A beautiful and distinguished family.
A private island.
A brilliant, damaged girl; a passionate, political boy.
A group of four friends—the Liars—whose friendship turns destructive.
A revolution. An accident. A secret.
Lies upon lies.
We Were Liars is a modern, sophisticated suspense novel from National Book Award finalist and Printz Award honoree E. Lockhart.
And if anyone asks you how it ends, just LIE
So last Top Ten Tuesday, we talked about books I’d like to read in a book club. One of the ones I picked was We Were Liars, because so many people loved it. For all of you who commented and agreed with me about how awful it was, this is for you! 😛
My thoughts on this book? You want to know my thoughts on this book? It took me a long time to get around to writing this review, because I have a LOT of thoughts.
And probably one of them is positive.
Let’s start on a good note, right? The ending seriously shocked me. I mean, it was a little dumb, because even with a head injury you’d think that was something you’d notice… But I’ll allow writers licence, and give Lockhart credit for really shocking me. I also cried. But mostly because I was already quite vulnerable, and thought reading it at midnight would make me feel better… Yeah, no.
And why did I not like it? Oh, because of EVERYTHING ELSE. Cadence was an incredibly average main character. Basically apart from that one thing, the big plot twist, she had no personality. She never, ever stood up for herself. Her mum told her to get over herself, her Granddad made her lie to people, Gat treated her absolutely terribly, and she never cared. Yes, she’s allowed a little innocence as a child, but not that much. There’s innocence, and there’s having no spine. She fell into the latter.
Was the writing always
I like to have
Sentences, all on
Was she trying to be creative? Was it meant to be like a poem in the middle of the book? It just made it more frustrating to read!
Then there was the rest of the family. I know, the aunts were meant to be awful. That was the point of the book (I think. Let’s be honest, who knows?). But it was done unrealistically. No mother, let alone THREE mothers, would treat her child like that. There’s being strict, there’s using them, then there’s treating them like slaves. They fought over the money and the real estate, and used their children to beg their Granddad for it. Luckily by summer 15, they realised what was happening. But I got the impression that it’d been happening their whole lives. Not over the same things, since their Nana was still alive, but other things. Especially with Cadence and Johnny being the oldest. Their mothers wanted them to inherit everything. God forbid they spare a thought for either of their sister! I bet the littles were still getting the same treatment, even after the Liars rebelled.
I could go on forever criticising the characters. But don’t you worry, that’s not all that’s wrong with this book! Read the last sentence of that last paragraph again. “The littles” and “the Liars”. That’s what they were called in the book, so I thought I better carry on calling them that. Even though it makes me REALLY. REALLY. MAD. For most of the book, I had no idea who the littles actually were. I mean, I knew they were the younger siblings of the Liars. At one point, Cadence mentioned that Liberty said something to her. And I re-read the sentence a few times – was that her mother? Did she mean Mireen? No, it still said Liberty…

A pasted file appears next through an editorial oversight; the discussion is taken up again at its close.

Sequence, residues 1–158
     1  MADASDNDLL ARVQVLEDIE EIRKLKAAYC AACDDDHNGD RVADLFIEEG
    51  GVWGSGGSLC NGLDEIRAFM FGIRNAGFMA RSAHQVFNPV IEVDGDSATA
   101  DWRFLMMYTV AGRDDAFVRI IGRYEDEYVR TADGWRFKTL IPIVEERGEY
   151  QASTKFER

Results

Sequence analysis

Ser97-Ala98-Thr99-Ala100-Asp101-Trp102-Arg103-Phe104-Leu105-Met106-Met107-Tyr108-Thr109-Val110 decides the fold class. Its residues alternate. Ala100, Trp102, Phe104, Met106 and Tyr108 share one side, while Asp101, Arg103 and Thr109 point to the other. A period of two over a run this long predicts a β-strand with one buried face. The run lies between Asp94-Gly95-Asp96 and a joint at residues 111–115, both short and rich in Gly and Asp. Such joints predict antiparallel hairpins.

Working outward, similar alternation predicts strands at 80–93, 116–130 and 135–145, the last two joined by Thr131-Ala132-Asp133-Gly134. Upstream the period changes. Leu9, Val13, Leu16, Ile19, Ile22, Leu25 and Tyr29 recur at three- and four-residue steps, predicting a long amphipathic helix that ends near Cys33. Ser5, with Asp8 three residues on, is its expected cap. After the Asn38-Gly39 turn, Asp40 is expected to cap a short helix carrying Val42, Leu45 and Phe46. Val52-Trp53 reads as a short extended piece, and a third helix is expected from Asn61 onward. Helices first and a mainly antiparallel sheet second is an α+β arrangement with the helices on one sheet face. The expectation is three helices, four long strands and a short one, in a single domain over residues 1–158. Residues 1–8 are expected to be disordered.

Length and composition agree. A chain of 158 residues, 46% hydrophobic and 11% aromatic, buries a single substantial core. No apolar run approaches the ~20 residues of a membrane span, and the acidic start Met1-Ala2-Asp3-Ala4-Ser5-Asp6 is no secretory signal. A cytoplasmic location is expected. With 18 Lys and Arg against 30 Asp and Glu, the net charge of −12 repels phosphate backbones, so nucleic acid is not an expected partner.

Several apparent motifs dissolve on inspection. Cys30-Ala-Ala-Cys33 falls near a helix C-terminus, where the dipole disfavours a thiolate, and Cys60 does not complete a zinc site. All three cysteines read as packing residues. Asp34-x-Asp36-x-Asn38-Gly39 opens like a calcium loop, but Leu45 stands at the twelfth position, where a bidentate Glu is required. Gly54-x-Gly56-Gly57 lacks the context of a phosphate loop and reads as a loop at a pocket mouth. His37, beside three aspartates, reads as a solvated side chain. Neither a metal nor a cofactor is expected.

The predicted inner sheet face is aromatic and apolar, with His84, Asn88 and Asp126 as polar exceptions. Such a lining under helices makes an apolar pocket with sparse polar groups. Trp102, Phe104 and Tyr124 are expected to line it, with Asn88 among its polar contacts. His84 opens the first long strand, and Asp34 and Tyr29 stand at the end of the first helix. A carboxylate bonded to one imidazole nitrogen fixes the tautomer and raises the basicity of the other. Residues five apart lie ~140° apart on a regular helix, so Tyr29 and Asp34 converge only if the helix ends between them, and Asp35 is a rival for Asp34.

So I carried on reading, not dwelling too much on it. Then Taft called. And I realised that him and Liberty must be the mysterious littles! There were others too, who were introduced just as awkwardly. It took me a while to work out which child belonged to which aunt, and even now I’m still not 100%.
The Liars, too, have a stupid name. Why are they called that?!? That isn’t a rhetorical question by the way. I really want to know where they got that name from! They never explained it. It was just “our family called us the Liars” and we moved on. I sort of wondered at the end if it was because we didn’t know what was true and what was false. And that’s all very well with the way the book ended. But they couldn’t have magically known about the accident and the amnesia when they were young…
Last thing about names, I promise! Why did Cadence feel the need to call her mother Mummy? She’s 17 years old! You can be smothered by your mum, but even smothered children aren’t that babyish. No one else did it. Why did she? It bothers me way more than it should’ve.
Wow, this review is going on a lot longer than I wanted it too… But I need to say one more thing! The plot dragged a little. I read it really fast, in less than a day. But not much happened. We very slowly found out what happened during summer 15, but it was just a lot of randomly placed clues. Oh, and some memories that you weren’t sure when they ended. They swapped a lot between summers, which obviously I understand, but it wasn’t very clear where we were all the time.
Okay, I’ll stop now, honest! I just want to know how this book ever won Goodreads award…